The agency responsible for the collection of a major amount of revenue, the National Board of Revenue (NBR), has often failed to meet its tax collection target in recent years. Moreover, capital flight has also increased.[10] As a result, the government is missing out on a significant amount of revenue. 

Figure: NBR Revenue Target and Collection (in crore BDT)
Figure: NBR Revenue Target and Collection (in crore BDT) / Source: National Board of Revenue Annual Report 2017-18

The action for the government thus will be to increase revenue collection efforts. An increased revenue collection effort will help the government to pay off the costs incurred due to the stimulus package releases. This also means that the government will not need to sacrifice development projects for the future.

Due to the decrease in economic activity, and consequently less income reporting by individuals and corporations, the NBR will need to lower revenue targets for the next fiscal year. That being said, agencies should nevertheless manage to meet even those lower targets. Meeting those lower targets can help in revenue-raising efforts.

Reducing Expenditures Except for the Necessary Ones

The government’s expenditure has increased over the years. This rise in expenditure has been paid for with increased borrowing. As mentioned before, increased borrowing has been sourced from commercial banks which reduces the latter’s capacity to lend to private investors.  To create a proper system for paying off the stimulus package, government expenditures must be reduced.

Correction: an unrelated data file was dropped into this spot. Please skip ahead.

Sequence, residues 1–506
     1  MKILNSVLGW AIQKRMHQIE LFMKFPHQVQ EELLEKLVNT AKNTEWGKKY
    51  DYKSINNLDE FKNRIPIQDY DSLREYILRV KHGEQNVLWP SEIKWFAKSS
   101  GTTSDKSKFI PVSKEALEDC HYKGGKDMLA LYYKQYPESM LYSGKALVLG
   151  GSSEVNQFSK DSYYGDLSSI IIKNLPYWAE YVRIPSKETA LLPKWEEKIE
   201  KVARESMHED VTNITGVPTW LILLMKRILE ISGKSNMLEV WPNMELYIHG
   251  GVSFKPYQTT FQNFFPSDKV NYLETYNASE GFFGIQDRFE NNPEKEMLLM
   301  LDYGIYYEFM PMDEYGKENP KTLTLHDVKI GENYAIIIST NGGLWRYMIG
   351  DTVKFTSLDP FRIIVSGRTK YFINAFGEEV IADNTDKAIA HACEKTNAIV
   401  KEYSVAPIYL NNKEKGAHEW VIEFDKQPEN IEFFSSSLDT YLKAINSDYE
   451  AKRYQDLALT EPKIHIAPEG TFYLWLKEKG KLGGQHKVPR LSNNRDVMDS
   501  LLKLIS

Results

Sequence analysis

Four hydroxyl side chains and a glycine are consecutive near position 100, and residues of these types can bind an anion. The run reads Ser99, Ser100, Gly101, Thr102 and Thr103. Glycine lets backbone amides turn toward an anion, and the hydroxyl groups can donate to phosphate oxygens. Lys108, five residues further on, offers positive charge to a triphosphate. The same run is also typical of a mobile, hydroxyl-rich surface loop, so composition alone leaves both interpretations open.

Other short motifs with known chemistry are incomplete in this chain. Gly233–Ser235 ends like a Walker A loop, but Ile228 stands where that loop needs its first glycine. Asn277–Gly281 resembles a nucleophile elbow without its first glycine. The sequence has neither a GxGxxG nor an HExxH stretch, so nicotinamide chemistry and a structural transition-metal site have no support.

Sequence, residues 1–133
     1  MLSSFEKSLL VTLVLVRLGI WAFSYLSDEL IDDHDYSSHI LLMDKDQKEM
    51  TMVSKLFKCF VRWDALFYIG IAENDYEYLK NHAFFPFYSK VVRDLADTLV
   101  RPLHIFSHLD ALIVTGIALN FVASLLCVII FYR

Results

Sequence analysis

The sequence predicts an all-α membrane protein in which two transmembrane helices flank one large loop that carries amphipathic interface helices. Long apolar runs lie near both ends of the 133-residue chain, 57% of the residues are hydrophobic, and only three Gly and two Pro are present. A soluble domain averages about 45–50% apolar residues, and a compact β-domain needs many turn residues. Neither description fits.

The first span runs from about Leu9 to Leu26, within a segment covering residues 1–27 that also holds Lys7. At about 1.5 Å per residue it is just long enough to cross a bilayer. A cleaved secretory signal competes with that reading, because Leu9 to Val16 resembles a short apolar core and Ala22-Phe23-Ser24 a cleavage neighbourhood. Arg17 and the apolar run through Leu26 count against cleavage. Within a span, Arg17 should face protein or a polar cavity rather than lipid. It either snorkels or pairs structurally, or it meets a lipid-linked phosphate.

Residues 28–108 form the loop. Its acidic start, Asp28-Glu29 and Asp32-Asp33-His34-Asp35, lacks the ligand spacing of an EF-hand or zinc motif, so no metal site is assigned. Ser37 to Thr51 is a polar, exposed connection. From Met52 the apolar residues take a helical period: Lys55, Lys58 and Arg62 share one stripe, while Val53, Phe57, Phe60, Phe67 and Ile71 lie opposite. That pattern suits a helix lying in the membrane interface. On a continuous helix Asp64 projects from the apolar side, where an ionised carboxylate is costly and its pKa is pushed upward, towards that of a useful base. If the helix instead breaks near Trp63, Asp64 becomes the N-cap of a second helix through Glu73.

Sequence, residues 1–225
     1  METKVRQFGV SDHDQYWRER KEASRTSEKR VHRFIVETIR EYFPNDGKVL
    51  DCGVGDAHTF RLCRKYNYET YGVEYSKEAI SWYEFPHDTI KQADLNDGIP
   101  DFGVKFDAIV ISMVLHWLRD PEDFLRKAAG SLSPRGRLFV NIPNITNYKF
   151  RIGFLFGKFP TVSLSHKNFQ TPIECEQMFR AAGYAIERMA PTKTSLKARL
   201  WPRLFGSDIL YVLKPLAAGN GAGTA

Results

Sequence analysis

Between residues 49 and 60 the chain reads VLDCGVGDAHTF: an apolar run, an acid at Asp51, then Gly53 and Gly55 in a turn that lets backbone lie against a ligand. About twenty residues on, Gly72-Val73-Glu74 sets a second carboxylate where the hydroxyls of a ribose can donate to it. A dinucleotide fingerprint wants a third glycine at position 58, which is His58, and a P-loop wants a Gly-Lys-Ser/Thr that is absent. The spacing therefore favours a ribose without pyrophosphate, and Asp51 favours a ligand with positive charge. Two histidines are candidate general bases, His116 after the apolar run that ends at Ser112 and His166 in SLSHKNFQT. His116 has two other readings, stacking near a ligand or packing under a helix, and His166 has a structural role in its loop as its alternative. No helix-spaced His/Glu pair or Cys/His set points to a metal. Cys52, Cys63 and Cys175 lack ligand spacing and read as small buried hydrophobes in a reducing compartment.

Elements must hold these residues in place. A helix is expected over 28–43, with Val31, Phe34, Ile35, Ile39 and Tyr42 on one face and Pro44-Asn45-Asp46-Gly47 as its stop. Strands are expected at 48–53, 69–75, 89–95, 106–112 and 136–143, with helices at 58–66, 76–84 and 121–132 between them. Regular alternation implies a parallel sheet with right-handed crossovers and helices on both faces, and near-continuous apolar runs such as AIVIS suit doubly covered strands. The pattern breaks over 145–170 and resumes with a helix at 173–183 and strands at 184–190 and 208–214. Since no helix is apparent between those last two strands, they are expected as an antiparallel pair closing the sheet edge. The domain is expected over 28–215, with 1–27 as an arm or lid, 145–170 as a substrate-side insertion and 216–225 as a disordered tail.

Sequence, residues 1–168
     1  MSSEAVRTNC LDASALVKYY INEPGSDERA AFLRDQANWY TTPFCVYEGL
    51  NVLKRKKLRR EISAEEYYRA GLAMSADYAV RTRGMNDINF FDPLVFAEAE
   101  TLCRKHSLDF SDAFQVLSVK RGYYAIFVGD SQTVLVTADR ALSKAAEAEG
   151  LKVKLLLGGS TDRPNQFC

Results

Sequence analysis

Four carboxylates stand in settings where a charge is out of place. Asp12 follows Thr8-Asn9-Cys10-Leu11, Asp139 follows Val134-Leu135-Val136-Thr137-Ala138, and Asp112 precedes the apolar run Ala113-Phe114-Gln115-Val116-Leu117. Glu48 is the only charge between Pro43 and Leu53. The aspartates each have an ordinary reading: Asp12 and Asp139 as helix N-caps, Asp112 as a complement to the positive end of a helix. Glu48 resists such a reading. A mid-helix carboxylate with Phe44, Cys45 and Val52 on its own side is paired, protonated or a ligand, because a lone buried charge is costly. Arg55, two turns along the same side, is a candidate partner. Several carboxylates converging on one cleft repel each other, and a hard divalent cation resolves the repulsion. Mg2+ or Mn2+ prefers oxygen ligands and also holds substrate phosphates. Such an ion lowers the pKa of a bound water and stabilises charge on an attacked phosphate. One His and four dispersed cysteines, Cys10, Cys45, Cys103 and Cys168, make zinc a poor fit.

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Having said that, there are certain sectors where the government will need to increase expenditures once the crisis is over – the health sector being the first and foremost.

As the current crisis has shown, Bangladesh’s healthcare system is poorly equipped. The current budget allocation for healthcare stands at only 5.63% which is much lower than the 15% benchmark recommended by the World Health Organization (WHO).[11]

Figure: Budget Allocation for the healthcare sector in percent from FY 2014-15 to FY 2018-19
Figure: Budget Allocation for the healthcare sector in percent from FY 2014-15 to FY 2018-19 / Source: Dhaka Tribune

There will also be other areas where expenditures will need to be increased. This includes assistance to the unemployed and the vulnerable. Therefore, the government, while reducing expenditures overall, will still need to increase spending in certain areas in the next fiscal year.